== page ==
Current Research on Species at Risk: Amphibians and Reptiles


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Pinta Tortoise

Pinta Island in the Galapagos Archipelago has had two major ecosystem disruptions in recent history: the loss of its nativeecosystem engineer, the Pinta giant tortoise (now represented by a single individual, “Lonesome George”), and severe devegetation caused by a large and invasive population of goats.  Ecosystem restoration on Pinta began with the culmination of the 30-year goat eradication program in 2003.  Restoration progressed to the next stage in 2010 when the Galapagos National Park introduced a group of 39 non-reproductive adult “ecological analog” tortoises to reinstate the ecosystem services that Pinta tortoises previously provided. Project Title: Ecosystem restoration on Pinta Island, Read more about this research…


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Bog Turtle

Bog turtle populations are experiencing dramatic declines throughout their range. Many seemingly viable populations remain in New York State, but several have disappeared during the past several decades. Habitat loss is suspected as the primary reason for these declines. The bog turtle (Glyptemys muhlenbergii) is globally threatened, with many populations of only 5 to 50 individuals.  Current research focuses on two aspects of the conservation of this species: Investigating connections between landscape factors and bog turtle persistence and extirpation to better understand bog turtle ecology and make informed conservation decisions, and Investigating inter-population movements to inform regional conservation planning to ensure Read more about this research…


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Kihansi Spray Toad

A particular uncertainty in the case of the Kihansi spray toad, an amphibian species now extinct in the wild, is relative importance of multiple stressors occurring simultaneously, that is, pesticide exposure, disruptions of food supply and infection with pathogenic chytrid fungus Batrachochytrium dendrobatidis. An understanding of toxicity levels due to direct exposure of Kihansi spray toads to endosulfan as well as interactions among endosulfan exposure, starvation and disease in toad fitnesswould enhance capacity for post-hoc interpretation of the potential role of this compound in previous population declines as well as inform whether limiting exposure to this compound should be a consideration Read more about this research…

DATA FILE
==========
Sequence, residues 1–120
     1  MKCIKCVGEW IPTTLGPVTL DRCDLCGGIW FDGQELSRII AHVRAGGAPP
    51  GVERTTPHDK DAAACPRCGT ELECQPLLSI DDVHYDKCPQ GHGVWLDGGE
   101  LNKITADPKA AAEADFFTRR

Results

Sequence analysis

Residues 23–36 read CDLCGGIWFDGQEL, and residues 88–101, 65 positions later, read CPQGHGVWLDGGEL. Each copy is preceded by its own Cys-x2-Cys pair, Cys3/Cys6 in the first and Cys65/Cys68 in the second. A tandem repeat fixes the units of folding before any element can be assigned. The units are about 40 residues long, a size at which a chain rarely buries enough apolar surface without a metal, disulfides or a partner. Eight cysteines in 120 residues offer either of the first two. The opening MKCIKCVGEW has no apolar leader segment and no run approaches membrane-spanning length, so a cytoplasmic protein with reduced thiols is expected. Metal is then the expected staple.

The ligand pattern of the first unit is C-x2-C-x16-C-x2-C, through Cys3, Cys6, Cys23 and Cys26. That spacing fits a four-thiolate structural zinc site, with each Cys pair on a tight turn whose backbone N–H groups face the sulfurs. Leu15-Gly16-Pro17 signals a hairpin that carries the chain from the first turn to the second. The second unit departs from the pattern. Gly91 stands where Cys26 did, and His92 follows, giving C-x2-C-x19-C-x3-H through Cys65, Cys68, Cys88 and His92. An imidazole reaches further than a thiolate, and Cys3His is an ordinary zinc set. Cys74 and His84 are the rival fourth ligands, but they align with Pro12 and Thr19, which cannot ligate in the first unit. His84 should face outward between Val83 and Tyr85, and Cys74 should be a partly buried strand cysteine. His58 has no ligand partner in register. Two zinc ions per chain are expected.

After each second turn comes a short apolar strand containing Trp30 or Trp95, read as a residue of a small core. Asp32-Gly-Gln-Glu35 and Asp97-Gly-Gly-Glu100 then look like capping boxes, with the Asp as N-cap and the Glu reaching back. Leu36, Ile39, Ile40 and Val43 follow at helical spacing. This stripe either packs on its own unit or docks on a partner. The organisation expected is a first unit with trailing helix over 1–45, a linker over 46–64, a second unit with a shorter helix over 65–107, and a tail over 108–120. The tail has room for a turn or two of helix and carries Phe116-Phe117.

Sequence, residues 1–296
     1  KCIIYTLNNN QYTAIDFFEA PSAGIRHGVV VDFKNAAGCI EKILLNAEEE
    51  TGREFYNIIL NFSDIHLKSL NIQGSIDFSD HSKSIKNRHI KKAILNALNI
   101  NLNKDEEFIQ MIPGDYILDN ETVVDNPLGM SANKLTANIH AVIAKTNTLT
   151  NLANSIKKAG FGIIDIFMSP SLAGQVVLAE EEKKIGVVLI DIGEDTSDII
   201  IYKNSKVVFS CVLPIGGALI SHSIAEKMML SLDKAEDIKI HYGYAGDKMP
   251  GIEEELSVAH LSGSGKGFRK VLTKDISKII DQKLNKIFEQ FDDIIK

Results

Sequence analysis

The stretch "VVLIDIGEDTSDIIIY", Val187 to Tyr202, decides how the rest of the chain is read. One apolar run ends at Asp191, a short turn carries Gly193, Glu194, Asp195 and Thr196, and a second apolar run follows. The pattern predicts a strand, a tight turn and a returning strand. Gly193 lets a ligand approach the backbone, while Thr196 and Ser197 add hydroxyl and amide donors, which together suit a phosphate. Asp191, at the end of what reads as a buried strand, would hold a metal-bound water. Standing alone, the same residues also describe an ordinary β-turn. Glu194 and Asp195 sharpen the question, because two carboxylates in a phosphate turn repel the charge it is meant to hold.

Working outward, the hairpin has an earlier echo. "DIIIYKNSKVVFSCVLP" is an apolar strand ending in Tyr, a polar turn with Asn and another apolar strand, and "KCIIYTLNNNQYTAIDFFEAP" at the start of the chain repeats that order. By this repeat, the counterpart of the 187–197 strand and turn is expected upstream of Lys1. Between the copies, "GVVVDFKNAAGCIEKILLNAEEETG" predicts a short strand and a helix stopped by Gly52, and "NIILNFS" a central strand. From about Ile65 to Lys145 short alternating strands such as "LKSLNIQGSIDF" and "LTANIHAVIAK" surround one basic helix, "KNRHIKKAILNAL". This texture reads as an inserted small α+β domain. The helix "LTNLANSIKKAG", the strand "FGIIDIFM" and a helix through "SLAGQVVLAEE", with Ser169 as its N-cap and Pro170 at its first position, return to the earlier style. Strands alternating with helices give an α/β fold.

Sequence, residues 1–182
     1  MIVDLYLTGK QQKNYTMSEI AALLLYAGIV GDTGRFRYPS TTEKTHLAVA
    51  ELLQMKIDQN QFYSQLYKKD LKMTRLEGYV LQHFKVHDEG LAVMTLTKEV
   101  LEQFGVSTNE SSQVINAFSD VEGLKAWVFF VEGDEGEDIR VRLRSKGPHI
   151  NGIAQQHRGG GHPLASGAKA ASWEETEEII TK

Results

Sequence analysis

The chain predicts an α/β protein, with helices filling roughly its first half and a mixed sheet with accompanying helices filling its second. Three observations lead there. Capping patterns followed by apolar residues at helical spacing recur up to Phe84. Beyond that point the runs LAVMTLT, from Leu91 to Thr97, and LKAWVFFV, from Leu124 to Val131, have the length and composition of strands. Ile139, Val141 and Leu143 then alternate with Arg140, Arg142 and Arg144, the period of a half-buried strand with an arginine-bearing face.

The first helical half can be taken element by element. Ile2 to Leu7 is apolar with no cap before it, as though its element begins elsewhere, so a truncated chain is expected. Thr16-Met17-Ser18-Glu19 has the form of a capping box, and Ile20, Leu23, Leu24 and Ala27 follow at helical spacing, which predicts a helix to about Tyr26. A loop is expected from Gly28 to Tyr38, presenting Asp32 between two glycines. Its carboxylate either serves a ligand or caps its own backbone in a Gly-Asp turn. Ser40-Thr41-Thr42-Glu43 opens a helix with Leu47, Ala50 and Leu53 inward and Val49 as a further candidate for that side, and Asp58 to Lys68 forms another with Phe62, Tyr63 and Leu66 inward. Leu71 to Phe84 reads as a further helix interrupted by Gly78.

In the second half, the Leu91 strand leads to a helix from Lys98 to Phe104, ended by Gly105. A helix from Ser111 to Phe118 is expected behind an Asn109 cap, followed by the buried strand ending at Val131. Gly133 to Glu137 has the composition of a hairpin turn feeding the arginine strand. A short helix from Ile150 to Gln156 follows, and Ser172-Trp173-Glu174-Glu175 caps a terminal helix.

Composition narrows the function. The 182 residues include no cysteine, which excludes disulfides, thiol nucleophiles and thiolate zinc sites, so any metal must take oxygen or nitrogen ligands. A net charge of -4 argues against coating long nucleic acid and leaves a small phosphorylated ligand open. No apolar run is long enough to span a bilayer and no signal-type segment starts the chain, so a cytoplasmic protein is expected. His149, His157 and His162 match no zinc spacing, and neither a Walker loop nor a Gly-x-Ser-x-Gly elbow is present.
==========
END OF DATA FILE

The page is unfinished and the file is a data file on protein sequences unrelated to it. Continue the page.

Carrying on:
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Hellbender

Hellbender populations range-wide are experiencing drastic decline.  Effective conservation strategies require understanding environmental factors underlying population occurrence within the stream networks Hellbenders inhabit. We have contrasted habitat elements between historically occupied and apparently unoccupied sites throughout the Upper Susquehanna sub-basin, which represents the northernmost segment of the species’ range. Project Title: Multi-scale Factors Influencing Distribution of the Hellbender Salamander (Cryptobranchus a. alleganiensis) in the Northern Segment of its Range Summary: Historically occupied sites contained larger rocks and less soft sediment than unoccupied sites.  Predictive models of species’ distribution indicated that specific geologic features — loamy till, clayey to loamy till, and Read more about this research…


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Espanola Tortoise

Three globally endangered, interacting species are restricted to Española Island in the Galapagos Archipelago: the waved albatross (the world’s only tropical albatross), a morphologically and genetically distinct lineage of giant tortoise, and a large-seeded, arboreal prickly pear cactus. Scientists and managers agree that restoring Española is a major priority for conservation in Galapagos but how best to proceed with conservation management is less clear. Many important questions remain unanswered. The prevailing question is whether active management is required to meet the needs of these species or should nature be left to take its course, albeit unnatural due to human-caused changes Read more about this research…


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Massasauga Rattlesnake

Sistrurus c. catenatus (eastern massasauga rattlesnake) is an endangered snake with many disjunct populations, due to natural habitat specificity, persecution, and habitat destruction. One population, located in central New York, is at risk of further habitat loss as its basking habitat in an old field is undergoing secondary succession. In an attempt to improve habitat quality at this site, a prescribed burn was performed by the NY Department of Environmental Conservation. Project Title: Habitat management for the eastern massasauga rattlesnake (Sistrurus c. catenatus) through prescribed burning of an old field Summary: We are examining the impacts of the prescribed burn Read more about this research…